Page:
"The difference," said North Carolina linebacker Buddy Curry, "is like day and night."
Under Dick Crum, North Carolina's new head football coach, the Tar Heels are doing things they've never done before.
North Carolina's players live in places other than the football wing of a dorm. The Tar heels, who play host to Maryland Saturday, took a nine-hour-a-day course from a California instructor. He was flown in to teach the team to "develop our personality to help you realize your personality," according to the description of backup quarterback Clyde Christensen.
"At first," offensive guard Mike Salvano said, "everyone wondered what was going on."
Crum has stamped his insignia on the program in other ways, knocking out a cafeteria wall that separated the football team's dining facilities from those of other athletes and adding a salad bar and an ice cream machine.
On the practice field, Crum has led a chorus of "Happy Birthday" for defensive tackle (Honey) Bun Rhames and scrapped the Information in favor of the veer. It is difficult to tell which action baffled the players more.
"The idea is to get into the game, express yourself and have fun," said Crum, a bespectacled, short, quiet man whose appearance has been likened to that of a history professor.
"It has taken them time to get used to the changes. I tell them . . . I want to know them, to talk to them, that I want them to have lives outside of football. I'm not sure they actually believe me."
This kind of be-yourself atmosphere differs sharply from that of Bill Dooley, who left Carolina to become head coach and athletic director at Virginia Tech. A source in the Carolina program said "intimidation" by coaches was common and the quarterbacks were "like robots" within the 1 formation under Dooley.
Under Crum, however, starting quarerback Matt Kupee is reading the secondary for the first time. Since such things take some getting used to, Carolina's offense staggered in its opener, committing infractions and missing field goals while barely beat
"Making these changes is not like flipping a switch," said Crum. He had promised more passing, but his two quarterbacks threw only 12 times. Nine more passes were called, but for various reasons they were never launched. Still, Kupec and Christensen totaled eight completions.
"Out problem is that we're still trying to get to know what our people can do," Crum said. "We did not throw well in the spring.It's coming along, but it's not what you'd call the ideal passing game.
"I told them we were going to throw, but so many coaches say that, (the North Carolina players) really don't believe it. We mean it."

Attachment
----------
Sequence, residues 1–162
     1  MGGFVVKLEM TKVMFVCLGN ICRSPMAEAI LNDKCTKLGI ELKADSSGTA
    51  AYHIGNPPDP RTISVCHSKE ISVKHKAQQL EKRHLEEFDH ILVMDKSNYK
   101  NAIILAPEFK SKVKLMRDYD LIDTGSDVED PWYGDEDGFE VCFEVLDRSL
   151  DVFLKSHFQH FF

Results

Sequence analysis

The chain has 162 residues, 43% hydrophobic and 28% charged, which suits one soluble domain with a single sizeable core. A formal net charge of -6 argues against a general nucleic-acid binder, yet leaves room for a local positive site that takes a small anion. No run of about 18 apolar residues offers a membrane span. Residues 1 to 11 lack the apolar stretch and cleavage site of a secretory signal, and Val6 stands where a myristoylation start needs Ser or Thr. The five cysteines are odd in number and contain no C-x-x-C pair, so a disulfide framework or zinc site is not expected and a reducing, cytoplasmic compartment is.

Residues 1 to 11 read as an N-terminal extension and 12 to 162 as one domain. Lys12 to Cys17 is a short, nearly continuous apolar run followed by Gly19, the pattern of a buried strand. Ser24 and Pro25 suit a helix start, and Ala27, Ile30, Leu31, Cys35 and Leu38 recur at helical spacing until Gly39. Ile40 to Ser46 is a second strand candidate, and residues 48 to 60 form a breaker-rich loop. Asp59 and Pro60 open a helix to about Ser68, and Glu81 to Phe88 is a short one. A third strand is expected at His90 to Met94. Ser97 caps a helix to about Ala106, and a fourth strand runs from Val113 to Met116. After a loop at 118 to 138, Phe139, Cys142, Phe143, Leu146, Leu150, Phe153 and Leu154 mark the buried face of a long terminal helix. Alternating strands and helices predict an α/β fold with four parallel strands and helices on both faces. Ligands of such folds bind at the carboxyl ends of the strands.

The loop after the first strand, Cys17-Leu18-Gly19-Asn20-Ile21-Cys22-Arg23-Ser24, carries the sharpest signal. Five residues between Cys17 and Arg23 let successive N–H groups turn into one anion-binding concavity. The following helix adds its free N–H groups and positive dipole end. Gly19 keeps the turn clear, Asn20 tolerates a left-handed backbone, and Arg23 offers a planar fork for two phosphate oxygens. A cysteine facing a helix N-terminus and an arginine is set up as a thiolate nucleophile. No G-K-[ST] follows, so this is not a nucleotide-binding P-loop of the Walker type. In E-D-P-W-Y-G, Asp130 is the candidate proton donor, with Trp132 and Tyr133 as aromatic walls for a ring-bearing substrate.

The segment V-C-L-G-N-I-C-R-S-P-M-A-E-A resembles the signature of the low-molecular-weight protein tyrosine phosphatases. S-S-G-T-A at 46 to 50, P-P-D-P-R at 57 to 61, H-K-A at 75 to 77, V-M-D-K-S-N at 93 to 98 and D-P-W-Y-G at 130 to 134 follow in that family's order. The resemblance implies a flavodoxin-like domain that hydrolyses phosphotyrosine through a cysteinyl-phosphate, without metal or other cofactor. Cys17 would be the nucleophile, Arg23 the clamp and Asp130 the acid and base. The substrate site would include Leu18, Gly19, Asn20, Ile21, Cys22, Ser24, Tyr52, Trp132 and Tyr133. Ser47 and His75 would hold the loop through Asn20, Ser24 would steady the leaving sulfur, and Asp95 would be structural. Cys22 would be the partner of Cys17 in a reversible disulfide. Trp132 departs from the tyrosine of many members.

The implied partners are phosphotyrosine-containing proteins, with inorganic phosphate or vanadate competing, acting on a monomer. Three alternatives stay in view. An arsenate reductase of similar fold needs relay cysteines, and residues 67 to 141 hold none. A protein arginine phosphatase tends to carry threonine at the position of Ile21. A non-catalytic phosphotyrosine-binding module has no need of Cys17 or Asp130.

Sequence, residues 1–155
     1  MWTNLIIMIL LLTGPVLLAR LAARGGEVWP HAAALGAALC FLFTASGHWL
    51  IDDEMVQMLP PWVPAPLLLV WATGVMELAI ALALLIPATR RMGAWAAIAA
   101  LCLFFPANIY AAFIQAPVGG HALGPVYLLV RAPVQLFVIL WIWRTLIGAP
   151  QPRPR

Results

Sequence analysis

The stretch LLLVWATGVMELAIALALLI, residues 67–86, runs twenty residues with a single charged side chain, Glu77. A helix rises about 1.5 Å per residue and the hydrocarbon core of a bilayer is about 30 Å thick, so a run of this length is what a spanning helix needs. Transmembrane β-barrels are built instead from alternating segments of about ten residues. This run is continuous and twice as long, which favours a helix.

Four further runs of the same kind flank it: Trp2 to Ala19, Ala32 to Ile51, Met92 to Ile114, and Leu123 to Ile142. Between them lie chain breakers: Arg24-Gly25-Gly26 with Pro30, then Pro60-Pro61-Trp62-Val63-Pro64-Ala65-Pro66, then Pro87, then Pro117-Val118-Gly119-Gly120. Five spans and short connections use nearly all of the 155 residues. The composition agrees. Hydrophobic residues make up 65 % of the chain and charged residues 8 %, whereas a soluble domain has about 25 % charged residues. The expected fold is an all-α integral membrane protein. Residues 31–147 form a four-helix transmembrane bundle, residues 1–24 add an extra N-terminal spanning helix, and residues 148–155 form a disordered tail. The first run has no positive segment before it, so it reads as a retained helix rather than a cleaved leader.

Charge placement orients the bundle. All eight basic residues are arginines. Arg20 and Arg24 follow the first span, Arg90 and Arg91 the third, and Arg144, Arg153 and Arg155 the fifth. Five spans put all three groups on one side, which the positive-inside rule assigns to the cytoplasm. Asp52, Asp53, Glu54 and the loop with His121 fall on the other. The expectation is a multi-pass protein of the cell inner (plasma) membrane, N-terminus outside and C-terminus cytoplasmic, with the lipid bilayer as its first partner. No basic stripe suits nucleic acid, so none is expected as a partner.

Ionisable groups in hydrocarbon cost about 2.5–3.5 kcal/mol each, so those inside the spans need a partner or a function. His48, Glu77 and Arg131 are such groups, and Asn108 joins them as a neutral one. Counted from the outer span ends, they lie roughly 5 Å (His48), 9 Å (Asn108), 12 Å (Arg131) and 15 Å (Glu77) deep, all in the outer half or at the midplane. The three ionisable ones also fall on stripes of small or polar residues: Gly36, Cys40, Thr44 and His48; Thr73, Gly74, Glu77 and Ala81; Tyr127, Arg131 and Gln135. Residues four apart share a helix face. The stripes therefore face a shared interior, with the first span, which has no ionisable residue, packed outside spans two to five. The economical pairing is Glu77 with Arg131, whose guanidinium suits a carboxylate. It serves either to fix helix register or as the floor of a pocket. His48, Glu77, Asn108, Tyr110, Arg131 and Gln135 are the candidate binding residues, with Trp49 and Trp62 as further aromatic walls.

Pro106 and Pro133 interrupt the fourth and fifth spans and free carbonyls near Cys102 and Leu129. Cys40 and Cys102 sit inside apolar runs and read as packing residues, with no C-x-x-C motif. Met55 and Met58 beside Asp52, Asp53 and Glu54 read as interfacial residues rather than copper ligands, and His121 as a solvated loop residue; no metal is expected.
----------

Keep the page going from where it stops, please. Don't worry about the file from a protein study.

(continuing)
Crum splits time at quarterback between last year's starter Kupec. (Crum calls him "an excellent leader who throws the ball well"), and Christensen ("a waterbug type, skitters all over and runs well").
Crum, who left a successful program at Miami of Ohio, expects Kupec to play more than half of Saturday's game, which has been sold out since August.
Carolina still runs some plays from the I, but it usually uses the veer pro set, which moves tailback (Famous) Amos Lawrence from 12 yards behind the line to the halfback spot five yards back of the line.
Lawrence, a sophomore, was the eighth-leading rusher in the nation last year with 1.211 yards in 10 games. He started only the last six. His 286-yard total against Virginia broke the NCAA freshman record held by Tony Dorsett and was college-football's highest for one game last year.
Lawrence is as quiet as he is quick-Typically, Crum points to this when asked about Lawrence.
"I think there are some times when he wishes his name wasn't Amos Lawrence," Crum said. "I think all the attention embarrasses him."
"There's a lot of pressure on me this year," said Lawrence who sat out half of the opener with a hip pointer but is expected to play full-speed against Maryland. "Last year, nobody knew me. This year, they'll be watching out for me.
"I want to gain more yards than I did last year, and I think I can, because of veer."
Lawrence was raised on the veer at Lake Taylor High in Norfolk, Va., where he once gained 411 yards and scored five touchdowns in one game.
"There are just so many different options, and backs are used in pass patterns," Lawrence said. "I'm looking forward to that."
Lawrence didn't catch a pass last year.That probably will change. Like most of the changes around Chapel Hill, it is welcomed.
"The reason I made the changes is because part of going to college should be getting to know everybody in the student body," Crum said.
"If you are housed in an athletic wing for four years, you will associated mainly with athletes, and when you graduate, the world won't be that way.
"People think that just because I talk to the players that I'm easy on them. They know that's not true. But once they're off the field. I'm going to talk to them, whether they've played well or not.
"I think Xs and Os are wonderful. But in the final analysis, we would like to produce people who are more than just good football players."